Thursday, August 12, 2010

The Ultimate Hump Day

Hey all! My name is Carla Ricci, and I'm an education intern here at the American Shakespeare Center. Although I hail from Wakefield, MA, I spend most of my time at St. Lawrence University in Canton, NY, where I'll be a senior this year. Yesterday was Wednesday, so besides being an ordinary hump day, it also marked the middle of my three weeks down here in Staunton.

Even though its only been a week and a half, I've still learned so much down here. My main project, which I started with Elena and have been working on continuously is finding primary source documents about Shakespeare, his lifestyle and time, his companies, and his theaters. Now, the word research alone is enough to make most people squirm, and combined with the phrase “old english documents”, it can be downright terrifying. However, after just a few hours of research, I found myself being fascinated with the things I was finding. Original text documents, written about Shakespeare or with his signature, as well as reviews of his plays from the period, and accounts from theater-goers and visitors in the time. I even discovered the original text of the play Arcadia, which my school is putting on this fall. Every day in front of the computer, I discover a new piece of information that makes me think about Shakespeare in a whole new way.

In addition to learning about Shakespeare, I've had the wonderful opportunity this week to teach a little bit about Shakespeare. Yesterday and Monday I had the chance to drive down to Natural Bridge Hotel with Christina to present to the Road Scholars. Road Scholar is a program for older adults in which they set up educational vacations around the country. This particular group was down in Natural Bridge all week, taking a variety of classes on everything from Buddhism to Natural Bridge geology to original Shakespearean staging conditions. The workshop was a blast--and even though we did it three different times, each one was different and unique. What we really covered in the class was the way that Shakespeare's language influenced his performance. For example, we did an iambic pentameter exercise in which folks in the audience were each given a syllable of a line of text. They stood or sat depending if their syllable was stressed or unstressed in the line. This way, we got a clear visualization of a line of iambic pentameter, and also realized the inner meaning of the line based on the stressed words. We also got to play around with Shakespearean staging--explaining and demonstrating the benefits of having a thrust stage, universal lighting, and audience interaction. What I loved most of these workshops was that I could really tell these people were interested, and that we were surprising them with information they never knew before. In particular, during questions at the end, a mini-discussion started debating the merits of film versions of Shakespeare with lots of special effects versus the more traditional text-based performances. The Road Scholars were a fantastic audience, and it was great to have the experience of being able to show them all something new.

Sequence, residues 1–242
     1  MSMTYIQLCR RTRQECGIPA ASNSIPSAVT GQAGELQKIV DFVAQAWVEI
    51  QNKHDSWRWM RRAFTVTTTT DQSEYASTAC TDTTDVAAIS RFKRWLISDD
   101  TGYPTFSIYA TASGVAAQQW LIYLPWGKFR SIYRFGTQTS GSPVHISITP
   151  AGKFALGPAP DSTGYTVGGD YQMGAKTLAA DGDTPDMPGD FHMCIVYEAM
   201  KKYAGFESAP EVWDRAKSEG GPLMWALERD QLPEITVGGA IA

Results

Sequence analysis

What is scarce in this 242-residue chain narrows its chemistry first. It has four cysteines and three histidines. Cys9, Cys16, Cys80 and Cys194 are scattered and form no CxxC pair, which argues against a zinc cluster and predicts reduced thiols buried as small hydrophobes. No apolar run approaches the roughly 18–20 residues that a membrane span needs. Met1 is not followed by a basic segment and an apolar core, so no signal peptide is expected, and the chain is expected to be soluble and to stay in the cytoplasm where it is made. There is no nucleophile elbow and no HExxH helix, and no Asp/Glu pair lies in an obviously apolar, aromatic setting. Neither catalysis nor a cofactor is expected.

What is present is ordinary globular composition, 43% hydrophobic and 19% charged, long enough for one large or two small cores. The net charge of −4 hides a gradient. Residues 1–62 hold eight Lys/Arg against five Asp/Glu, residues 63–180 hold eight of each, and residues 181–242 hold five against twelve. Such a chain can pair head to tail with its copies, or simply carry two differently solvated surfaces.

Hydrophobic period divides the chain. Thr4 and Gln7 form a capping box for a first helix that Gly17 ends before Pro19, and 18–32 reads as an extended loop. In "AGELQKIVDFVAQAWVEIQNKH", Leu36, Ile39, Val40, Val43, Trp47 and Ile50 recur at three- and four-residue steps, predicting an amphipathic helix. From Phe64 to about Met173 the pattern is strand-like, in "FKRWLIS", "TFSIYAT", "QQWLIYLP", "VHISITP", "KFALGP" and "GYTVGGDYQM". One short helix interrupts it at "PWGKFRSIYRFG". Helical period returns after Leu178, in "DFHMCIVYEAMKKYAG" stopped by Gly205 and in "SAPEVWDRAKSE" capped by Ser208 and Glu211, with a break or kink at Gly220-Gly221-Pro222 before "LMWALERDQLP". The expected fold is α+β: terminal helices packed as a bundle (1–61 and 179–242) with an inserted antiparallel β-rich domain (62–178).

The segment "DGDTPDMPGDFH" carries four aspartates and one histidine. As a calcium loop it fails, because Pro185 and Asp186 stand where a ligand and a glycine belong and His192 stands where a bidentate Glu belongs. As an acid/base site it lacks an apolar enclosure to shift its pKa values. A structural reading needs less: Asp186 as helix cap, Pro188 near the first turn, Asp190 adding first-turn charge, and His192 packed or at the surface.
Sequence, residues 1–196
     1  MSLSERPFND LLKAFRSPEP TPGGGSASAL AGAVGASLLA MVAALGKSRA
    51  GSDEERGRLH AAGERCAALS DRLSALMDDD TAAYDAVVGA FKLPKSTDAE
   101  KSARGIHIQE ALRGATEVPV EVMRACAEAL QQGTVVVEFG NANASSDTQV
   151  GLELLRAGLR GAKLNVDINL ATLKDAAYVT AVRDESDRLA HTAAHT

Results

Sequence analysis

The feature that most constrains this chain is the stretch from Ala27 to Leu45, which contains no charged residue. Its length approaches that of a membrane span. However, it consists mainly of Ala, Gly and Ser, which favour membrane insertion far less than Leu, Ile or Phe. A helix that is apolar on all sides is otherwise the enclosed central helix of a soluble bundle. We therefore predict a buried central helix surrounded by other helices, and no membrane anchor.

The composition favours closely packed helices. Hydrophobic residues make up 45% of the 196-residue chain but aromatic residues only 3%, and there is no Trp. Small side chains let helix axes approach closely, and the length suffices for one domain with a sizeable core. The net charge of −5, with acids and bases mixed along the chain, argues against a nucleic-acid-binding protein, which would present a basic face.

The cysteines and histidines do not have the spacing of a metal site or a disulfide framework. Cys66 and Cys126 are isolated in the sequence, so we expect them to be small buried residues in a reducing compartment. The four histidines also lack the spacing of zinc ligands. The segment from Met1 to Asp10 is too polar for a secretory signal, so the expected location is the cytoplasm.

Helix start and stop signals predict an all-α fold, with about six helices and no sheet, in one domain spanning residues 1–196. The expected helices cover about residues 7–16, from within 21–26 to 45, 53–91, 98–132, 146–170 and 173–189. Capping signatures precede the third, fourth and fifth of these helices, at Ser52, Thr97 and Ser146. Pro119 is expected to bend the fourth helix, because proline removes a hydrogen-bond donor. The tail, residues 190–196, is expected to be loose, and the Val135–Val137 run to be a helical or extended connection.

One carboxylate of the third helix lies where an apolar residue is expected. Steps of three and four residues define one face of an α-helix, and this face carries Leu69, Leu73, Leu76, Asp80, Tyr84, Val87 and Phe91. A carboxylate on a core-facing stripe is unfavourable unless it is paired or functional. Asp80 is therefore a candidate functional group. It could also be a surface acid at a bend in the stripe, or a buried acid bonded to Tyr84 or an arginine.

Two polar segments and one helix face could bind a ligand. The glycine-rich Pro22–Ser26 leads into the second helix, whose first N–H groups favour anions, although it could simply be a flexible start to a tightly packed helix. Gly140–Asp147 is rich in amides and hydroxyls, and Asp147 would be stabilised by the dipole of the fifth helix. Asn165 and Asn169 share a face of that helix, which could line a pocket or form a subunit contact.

Carla Ricci

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